“Okay, Boomer” becomes rallying cry of youth

Illustration by Theone Purev

Illustration by Theone Purev

Tommy Marquardt, asst. sports editor

Do me a favor real quick. Take out your phone, open up whatever music app you use, and listen to The Who’s 1965 hit “My Generation.” You’ll hear a raucous anthem penned by guitarist Pete Townshend about how he hopes he dies before he gets “old” because the older generation just won’t stop trying to put him down. Townshend didn’t actually want to die an early death, but he saw “old” as a state of mind for dismissing the youth for their contributions to the culture.

Sound familiar? It should, because “My Generation” was really just Pete Townshend saying, “Okay, Boomer.”

The idea of “Okay, Boomer” has been around as long as angsty teens have pined for a place in society. The term “Boomer” itself is not generations old, but rather derived from the Baby Boomer generation through a series of TikTok memes criticizing ideas and beliefs commonly attributed to the Baby Boomer generation.

In reality, “Boomer” is a state of mind. Therefore, a Millennial can be a Boomer. For example, it wouldn’t make sense to say “Okay, Boomer” to Senator and Democratic presidential candidate Bernie Sanders because, agree with his politics or not, his beliefs are sourced in what’s best for the youth, not as much for his own personal interests. Despite this, “Okay, Boomer” has been criticized as ageist, peaking with a tweet from conservative radio host Bob Lonsberry claiming that “Boomer” is, “the n-word of ageism.” (He was predictably littered with replies of “Okay, Boomer.”)

So, is “Boomer” ageist? It depends on your perception. Most of those using the meme don’t do it with the intention of criticizing every single Baby Boomer, just the ones that have been chastising them. The Millennials who grew into adulthood when the Great Recession hit have dealt with economic scrutiny but are just told to “work harder” by the stereotypical boomer. In that respect, their contempt is justified.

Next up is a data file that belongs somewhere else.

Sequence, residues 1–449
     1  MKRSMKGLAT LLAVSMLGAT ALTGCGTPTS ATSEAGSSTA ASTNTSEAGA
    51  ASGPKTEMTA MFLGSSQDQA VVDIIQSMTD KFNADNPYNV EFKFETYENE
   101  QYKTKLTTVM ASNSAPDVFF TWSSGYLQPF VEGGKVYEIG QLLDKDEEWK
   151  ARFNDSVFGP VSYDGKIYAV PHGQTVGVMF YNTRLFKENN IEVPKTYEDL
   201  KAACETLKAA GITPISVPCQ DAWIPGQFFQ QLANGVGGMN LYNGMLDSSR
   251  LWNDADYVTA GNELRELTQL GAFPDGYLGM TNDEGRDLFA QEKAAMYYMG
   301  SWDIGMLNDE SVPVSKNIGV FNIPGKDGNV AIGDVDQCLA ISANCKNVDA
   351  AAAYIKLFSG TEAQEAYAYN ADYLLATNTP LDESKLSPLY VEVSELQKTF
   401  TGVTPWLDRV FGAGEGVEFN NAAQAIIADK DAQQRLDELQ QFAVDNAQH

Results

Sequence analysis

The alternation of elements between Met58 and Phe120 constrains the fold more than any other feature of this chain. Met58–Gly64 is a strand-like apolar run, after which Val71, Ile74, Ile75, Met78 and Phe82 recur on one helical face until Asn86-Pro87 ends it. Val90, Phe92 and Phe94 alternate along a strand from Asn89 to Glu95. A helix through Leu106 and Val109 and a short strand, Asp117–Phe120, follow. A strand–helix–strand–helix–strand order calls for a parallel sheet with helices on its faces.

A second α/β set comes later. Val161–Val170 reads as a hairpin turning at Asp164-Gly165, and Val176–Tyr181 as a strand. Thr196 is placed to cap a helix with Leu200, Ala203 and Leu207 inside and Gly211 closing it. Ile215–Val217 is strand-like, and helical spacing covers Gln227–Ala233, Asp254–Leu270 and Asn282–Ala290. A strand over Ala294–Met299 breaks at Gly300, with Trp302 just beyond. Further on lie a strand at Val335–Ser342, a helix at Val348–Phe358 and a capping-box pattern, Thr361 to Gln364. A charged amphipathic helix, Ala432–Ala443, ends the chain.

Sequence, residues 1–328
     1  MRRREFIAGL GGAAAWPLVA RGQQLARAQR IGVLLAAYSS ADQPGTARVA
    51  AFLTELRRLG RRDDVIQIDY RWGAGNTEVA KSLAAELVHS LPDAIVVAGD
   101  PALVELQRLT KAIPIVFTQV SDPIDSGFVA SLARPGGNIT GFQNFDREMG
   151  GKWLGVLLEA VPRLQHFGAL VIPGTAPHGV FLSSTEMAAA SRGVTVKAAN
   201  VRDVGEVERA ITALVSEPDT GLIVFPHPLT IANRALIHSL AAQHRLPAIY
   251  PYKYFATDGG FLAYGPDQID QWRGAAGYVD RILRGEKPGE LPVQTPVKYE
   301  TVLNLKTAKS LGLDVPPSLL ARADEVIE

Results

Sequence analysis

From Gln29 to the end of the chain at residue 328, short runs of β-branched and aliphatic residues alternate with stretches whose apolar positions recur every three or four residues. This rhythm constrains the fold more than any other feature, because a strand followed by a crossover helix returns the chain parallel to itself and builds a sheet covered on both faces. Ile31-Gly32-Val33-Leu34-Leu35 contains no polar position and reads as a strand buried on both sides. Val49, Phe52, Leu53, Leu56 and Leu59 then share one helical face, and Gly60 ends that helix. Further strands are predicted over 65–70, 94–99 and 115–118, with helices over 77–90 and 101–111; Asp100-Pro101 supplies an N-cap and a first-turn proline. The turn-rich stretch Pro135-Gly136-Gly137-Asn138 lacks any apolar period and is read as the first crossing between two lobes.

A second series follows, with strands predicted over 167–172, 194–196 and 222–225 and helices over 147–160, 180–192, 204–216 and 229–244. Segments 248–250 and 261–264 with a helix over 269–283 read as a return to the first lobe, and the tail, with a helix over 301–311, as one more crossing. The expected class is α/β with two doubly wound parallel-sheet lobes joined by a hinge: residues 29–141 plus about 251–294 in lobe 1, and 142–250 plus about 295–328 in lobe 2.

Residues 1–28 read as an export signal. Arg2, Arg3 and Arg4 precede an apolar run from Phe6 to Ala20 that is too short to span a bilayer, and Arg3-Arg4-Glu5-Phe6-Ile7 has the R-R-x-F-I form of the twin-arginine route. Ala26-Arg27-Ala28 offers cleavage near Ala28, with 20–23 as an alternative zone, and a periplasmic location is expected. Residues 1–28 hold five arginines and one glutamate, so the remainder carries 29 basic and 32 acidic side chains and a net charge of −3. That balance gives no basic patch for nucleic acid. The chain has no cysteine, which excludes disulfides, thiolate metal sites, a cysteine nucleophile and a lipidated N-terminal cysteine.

“Okay, Boomer” is synonymous with Millennials and Gen Z looking to have their voices heard in America. Millennials are no longer the generation of young people navigating their way through technology. They’re a generation struggling to afford adulthood, a fate that the neglected voices of Gen Z will soon be subjected to.

Many of the problems the Boomer mindset places on younger generations are the fault of the actual Baby Boomers. The latter inherited the perfect economy for young people to find success in, then pulled up the ladder once they reached adulthood, criticizing those of us who can’t climb it.

I know this is the opinions section, but here’s a newsflash: a changing of the guard is occurring. The Millennials and Gen Z are the future. The Baby Boomers shouldn’t step aside because that’s a ridiculous thing to ask of them.

However, it’s equally crazy to tell Millennials and Gen Z, two generations that will be roaming this planet and running this country long after the Baby Boomers are gone, that they haven’t lived long enough to voice their opinion.